In my opinion what your conclusion is sounds correct.
I would not have a system that creates a new database
for each and every client.


If the sollution is hosted on a "random" ISP, most of
theese does not allow the creation of new databases.
However, surtain ISP have packages where you can
have multiple databases, but often not more than 5 in
total. This would in most circumstances result in you
only having 5 customers in each installation.

If you are running the system on your own server,
there are no problems with this, as you controll the
system and can create as many databases as you
would want.

On the other hand you could solve this by instead of
creating unique databases for each client, prefix the
tables inside the database with the clients username.
This would result in alot of tables, but again would
give you access to every server in the world that has
mySQL database available -> And it would be easy
to backup since you only have just 1 database to

It is however, in my opinion, smart to have seperate
tables and such for each end every customer. Should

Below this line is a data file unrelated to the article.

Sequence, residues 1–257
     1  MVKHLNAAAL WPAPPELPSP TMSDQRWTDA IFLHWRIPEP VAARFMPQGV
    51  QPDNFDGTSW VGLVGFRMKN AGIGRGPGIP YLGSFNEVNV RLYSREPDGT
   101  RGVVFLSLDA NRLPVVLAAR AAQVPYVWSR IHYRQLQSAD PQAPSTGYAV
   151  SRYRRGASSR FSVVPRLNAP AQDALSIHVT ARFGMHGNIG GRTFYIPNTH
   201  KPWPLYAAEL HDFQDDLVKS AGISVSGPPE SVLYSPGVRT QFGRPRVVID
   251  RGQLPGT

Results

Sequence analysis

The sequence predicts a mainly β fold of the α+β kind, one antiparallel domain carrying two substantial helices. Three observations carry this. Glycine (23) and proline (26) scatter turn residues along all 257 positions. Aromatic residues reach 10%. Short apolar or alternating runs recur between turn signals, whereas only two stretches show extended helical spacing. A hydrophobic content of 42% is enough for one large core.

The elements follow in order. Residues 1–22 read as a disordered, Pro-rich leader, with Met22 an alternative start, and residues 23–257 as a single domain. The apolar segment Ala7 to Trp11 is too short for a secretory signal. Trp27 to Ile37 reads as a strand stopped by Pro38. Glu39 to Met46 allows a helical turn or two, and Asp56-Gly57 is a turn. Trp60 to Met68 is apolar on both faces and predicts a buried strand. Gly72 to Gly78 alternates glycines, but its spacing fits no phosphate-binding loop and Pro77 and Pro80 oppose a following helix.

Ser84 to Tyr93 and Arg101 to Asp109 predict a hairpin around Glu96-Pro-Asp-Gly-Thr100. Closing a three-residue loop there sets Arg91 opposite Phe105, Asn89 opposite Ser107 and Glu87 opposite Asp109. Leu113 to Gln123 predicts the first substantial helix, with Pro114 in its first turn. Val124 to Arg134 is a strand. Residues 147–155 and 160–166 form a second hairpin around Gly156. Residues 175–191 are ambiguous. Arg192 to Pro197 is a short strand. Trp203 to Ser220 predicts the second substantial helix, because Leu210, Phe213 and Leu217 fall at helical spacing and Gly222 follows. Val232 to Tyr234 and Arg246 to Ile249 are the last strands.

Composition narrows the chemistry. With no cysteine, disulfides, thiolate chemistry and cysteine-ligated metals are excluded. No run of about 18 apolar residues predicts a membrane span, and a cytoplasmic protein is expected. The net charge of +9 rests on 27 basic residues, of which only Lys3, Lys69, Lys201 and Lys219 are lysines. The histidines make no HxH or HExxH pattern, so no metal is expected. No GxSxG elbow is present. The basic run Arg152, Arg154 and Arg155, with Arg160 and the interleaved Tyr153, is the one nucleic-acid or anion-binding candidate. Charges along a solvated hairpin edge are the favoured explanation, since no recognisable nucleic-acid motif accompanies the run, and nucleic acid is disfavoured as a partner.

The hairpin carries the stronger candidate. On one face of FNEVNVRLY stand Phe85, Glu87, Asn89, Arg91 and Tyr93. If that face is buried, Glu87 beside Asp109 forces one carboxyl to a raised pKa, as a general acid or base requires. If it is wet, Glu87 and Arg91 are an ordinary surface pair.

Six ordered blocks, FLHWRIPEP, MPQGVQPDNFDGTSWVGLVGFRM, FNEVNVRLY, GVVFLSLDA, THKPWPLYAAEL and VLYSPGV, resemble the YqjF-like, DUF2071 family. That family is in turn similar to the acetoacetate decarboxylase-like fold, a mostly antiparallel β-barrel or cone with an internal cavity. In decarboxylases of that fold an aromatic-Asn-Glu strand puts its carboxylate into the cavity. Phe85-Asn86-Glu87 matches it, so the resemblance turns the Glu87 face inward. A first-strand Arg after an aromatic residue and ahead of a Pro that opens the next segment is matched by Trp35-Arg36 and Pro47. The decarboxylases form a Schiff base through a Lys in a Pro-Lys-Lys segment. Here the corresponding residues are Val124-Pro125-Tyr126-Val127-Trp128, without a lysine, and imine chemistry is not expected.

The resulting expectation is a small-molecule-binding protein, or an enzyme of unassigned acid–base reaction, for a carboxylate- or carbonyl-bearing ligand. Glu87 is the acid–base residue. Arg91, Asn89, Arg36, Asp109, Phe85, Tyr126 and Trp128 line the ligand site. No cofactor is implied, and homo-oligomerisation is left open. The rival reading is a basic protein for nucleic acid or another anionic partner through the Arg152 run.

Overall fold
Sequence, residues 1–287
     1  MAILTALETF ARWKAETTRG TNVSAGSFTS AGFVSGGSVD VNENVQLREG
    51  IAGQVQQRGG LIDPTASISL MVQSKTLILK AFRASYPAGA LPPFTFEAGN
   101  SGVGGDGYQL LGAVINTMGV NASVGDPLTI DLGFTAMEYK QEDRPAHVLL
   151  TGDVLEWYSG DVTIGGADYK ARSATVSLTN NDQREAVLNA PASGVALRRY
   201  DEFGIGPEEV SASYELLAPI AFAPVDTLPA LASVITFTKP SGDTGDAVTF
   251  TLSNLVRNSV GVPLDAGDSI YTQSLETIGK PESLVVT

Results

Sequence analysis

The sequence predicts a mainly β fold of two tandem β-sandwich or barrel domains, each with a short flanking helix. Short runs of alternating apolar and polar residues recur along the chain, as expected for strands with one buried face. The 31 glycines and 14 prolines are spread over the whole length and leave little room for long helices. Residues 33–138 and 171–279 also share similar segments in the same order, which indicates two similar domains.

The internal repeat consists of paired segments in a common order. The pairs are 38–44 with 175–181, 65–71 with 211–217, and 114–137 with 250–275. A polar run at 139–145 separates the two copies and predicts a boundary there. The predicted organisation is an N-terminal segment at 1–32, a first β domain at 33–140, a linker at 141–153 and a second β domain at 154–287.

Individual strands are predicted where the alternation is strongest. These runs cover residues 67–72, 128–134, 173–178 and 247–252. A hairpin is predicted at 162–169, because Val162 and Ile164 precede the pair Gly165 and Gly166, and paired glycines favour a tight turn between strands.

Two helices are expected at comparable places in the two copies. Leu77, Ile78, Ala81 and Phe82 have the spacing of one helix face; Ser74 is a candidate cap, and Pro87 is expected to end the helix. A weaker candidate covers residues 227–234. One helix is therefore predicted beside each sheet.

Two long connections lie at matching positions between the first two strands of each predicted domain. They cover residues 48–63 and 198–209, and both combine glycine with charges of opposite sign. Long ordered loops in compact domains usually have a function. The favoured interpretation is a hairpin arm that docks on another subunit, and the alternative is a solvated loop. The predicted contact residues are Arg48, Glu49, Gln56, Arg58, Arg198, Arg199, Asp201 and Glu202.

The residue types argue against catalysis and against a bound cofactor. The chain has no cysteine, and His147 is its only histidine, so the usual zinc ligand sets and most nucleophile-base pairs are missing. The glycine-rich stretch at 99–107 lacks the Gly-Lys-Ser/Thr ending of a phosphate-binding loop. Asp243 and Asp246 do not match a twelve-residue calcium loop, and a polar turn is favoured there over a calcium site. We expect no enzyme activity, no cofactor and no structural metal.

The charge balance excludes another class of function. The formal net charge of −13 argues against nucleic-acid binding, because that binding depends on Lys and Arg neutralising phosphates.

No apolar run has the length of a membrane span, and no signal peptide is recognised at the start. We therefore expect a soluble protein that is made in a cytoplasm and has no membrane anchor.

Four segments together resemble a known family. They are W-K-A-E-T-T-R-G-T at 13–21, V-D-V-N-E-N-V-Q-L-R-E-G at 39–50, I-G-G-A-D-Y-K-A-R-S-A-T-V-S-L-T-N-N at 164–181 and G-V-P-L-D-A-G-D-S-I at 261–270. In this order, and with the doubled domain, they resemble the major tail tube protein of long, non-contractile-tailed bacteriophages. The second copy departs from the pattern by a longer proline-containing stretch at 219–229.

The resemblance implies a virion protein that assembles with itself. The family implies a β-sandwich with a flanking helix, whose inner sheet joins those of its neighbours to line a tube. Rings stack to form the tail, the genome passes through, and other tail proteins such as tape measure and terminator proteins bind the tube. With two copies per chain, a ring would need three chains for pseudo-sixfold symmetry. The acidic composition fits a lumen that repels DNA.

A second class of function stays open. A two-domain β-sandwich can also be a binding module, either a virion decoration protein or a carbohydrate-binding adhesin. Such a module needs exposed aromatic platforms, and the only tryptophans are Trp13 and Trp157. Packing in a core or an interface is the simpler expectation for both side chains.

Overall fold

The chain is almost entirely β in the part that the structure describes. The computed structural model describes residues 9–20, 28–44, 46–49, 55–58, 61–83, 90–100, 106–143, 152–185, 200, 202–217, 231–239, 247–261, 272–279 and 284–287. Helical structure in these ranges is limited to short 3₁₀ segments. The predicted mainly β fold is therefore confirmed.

there be a corruption somewhere, atleast it wont effect
all the clients, but only 1 client. (Aslong as its not the
main software that "destroys/deletes" everything in a
faulty SQL statement.

My applications are done a little different, as I have
solved this by installing a seperate installation for each
customer. To protect my code I have purchased IonCube
Encoder, which encrypts the code and renders it useless
for reverse engineering. :) You might want to do the same.

Kim Steinhaug
There are 10 types of people when it comes to binary numbers:
those who understand them, and those who don't.

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